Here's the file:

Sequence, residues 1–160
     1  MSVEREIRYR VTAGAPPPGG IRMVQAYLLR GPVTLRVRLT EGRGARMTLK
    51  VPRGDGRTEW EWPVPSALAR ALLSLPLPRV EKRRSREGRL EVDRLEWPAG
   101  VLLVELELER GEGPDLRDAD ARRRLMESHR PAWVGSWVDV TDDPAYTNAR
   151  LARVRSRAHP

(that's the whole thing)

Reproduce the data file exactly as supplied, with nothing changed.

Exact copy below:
Sequence, residues 1–160
     1  MSVEREIRYR VTAGAPPPGG IRMVQAYLLR GPVTLRVRLT EGRGARMTLK
    51  VPRGDGRTEW EWPVPSALAR ALLSLPLPRV EKRRSREGRL EVDRLEWPAG
   101  VLLVELELER GEGPDLRDAD ARRRLMESHR PAWVGSWVDV TDDPAYTNAR
   151  LARVRSRAHP